25 April 2011

In Fractione Panis

Luke 24, 13-35
It's not clear if these two men on the road to Emmaus were prevented from recognising Jesus because our Lord purposely made Himself appear different or if it is because His glorified Body has vastly different features. But since our Lord is not recognised until the breaking of the bread, it would seem that our Redeemer has something to say to all of us.

‘Jesus Himself, also drawing near, went with them.’ This is not all that different from our own experiences in life. If Christ dwells within us, then He is close to us in every person we meet; but like these two men, we often fail to recognize Him in that person -- and in ourselves.

No one knows for certain who Cleopas is; Saint Jerome thought him to be a citizen of Emmaus who invited Jesus to stay with him at his house. Saint Jerome also testified that during his day there was a church that existed that was originally thought to be the house of Cleopas. Origen thought Cleopas to be Simon Peter. Other speculations include: the brother of Saint Joseph, or Saint Luke the writer of this Gospel account, or the father of Saint James the Less.

Jesus interpreted to them all that was in the Scriptures concerning Him. This must've taken a great deal of time but what a tremendous blessing for these two men to have been given a bible lesson by Jesus Christ Himself. Jesus, however, does say to them beforehand: ‘Oh foolish, and slow of heart to believe in all things which the prophets have spoken!’ The lesson for us in that statement is to familiarise ourselves with Sacred Scripture and learn what the prophets say of the Messiah and how those prophecies were fulfilled by Jesus in the New Testament. Understanding the Old Testament really makes the New Testament come to life. Through the comprehension of Scripture we are able to welcome Jesus Christ into our lives based on what is preordained by divine decree and not by something our imaginations conjure up.

With Christ's unrecognisable appearance along with His mentioning of Moses and the prophets, this story sounds similar to the Transfiguration (cf Lc 9, 28-36).

This meal that Jesus shares with them may have been an ordinary meal, but made extraordinary by Jesus; or it is possible that this was a planned Eucharistic celebration by these two disciples of Christ because ‘fractione panis’ or ‘breaking of bread’ as used in this Gospel account, was a popular term for the Eucharist during the apostolic times. What makes that theory questionable, however, is that if these two men did not recognise Jesus as anyone they knew, it's improbable they would have let Him preside over a planned Eucharistic meal. Still, it cannot be ignored that our Lord is demonstrating something that is strikingly similar to the liturgy: First, there is the breaking open of the Scriptures – the Liturgy of the Word – an explanation of the Scriptures follows – the homily – and then the breaking of the bread – the Liturgy of the Eucharist.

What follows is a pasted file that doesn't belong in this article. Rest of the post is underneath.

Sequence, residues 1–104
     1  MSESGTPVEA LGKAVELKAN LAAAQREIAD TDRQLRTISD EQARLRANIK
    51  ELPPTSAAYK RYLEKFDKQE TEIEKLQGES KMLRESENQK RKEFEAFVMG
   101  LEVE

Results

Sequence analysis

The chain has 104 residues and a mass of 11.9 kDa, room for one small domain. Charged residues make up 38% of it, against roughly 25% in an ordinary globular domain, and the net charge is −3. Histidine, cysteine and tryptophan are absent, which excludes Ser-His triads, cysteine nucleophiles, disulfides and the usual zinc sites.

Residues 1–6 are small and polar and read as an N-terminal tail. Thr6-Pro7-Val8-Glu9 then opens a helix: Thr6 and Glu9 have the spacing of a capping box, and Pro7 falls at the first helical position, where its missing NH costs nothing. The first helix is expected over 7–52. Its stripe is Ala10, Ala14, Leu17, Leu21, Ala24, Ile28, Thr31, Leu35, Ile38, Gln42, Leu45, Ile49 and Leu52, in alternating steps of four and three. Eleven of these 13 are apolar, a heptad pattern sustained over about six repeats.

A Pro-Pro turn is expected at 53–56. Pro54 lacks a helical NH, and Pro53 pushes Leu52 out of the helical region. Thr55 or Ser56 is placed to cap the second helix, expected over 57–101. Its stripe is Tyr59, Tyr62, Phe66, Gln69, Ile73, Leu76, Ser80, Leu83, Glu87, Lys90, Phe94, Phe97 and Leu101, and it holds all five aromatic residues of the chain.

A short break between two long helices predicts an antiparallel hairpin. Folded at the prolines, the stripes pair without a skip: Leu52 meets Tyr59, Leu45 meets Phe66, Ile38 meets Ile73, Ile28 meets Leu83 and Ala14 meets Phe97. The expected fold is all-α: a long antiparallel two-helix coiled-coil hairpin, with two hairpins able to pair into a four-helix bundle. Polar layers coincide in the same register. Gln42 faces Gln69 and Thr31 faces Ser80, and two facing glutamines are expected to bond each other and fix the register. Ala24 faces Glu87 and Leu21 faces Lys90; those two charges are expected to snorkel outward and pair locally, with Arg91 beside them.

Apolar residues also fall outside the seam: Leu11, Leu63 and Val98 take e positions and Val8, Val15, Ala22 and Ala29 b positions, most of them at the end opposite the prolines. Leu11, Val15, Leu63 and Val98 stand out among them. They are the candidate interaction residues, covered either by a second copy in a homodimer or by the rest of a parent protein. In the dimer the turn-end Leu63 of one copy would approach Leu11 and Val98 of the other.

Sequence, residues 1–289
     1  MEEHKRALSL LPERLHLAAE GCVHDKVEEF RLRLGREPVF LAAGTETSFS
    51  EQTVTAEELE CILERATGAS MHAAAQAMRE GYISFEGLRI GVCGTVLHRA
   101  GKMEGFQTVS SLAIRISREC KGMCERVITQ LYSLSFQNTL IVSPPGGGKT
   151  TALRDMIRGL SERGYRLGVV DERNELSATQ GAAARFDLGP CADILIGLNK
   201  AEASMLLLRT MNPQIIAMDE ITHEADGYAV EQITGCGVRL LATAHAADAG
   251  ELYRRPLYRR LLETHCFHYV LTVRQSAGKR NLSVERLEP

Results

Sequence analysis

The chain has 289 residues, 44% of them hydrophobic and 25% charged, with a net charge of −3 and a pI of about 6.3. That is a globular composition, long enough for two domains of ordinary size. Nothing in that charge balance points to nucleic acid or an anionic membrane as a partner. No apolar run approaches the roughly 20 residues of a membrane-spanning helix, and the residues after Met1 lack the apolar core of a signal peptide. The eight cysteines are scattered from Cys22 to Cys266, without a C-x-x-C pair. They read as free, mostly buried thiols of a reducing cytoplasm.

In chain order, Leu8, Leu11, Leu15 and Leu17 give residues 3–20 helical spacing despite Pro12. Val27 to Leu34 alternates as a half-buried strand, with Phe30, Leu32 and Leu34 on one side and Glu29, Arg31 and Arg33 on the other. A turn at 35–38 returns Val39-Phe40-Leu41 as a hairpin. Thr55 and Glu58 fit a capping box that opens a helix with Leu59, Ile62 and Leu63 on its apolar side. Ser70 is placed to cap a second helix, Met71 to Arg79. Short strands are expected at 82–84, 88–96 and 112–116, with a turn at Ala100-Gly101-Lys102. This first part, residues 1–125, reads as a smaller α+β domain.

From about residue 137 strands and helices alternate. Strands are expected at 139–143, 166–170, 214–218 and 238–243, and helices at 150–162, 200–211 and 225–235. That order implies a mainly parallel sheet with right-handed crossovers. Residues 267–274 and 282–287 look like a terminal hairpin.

This Gospel should be an eye opening experience for Catholic Christians who, sadly, only acknowledge Jesus in their lives for one hour a week. If there is no daily prayer life of any kind, id est, the Divine Office, meditation, reflection, spiritual reading or the daily reading of Scripture, then Jesus will pass by every day and probably will not be recognised. It is only during the breaking of bread at Sunday Mass that He will be recognised, albeit with a struggling faith. Jesus shows up in our lives every day and takes on many different forms: Sometimes He is the cause of our ability to be in the right place at the right time; sometimes He is the delay that takes us off our schedule because being on schedule would place us right in the middle of an unfortunate circumstance; other times He is found in others who lend a helping hand; and at other times He is even that person who plucks your last nerve especially when having a tendency to be overly impatient.

On Sundays we're all standing in line to receive the Eucharist because it is there at Mass that we most recognise our Lord, and it is there that we receive Food for our souls. But Jesus speaks to us daily and He calls us to reflect daily where He works and moves in our lives. If we can identify our Lord under the guise of ordinary bread and wine, then through daily prayer, sacred reading, meditation and other forms of authentic prayer, certainly His Holy Spirit can be detected in other persons, places or things that are a part of our everyday experience, as well as seeing Him within ourselves.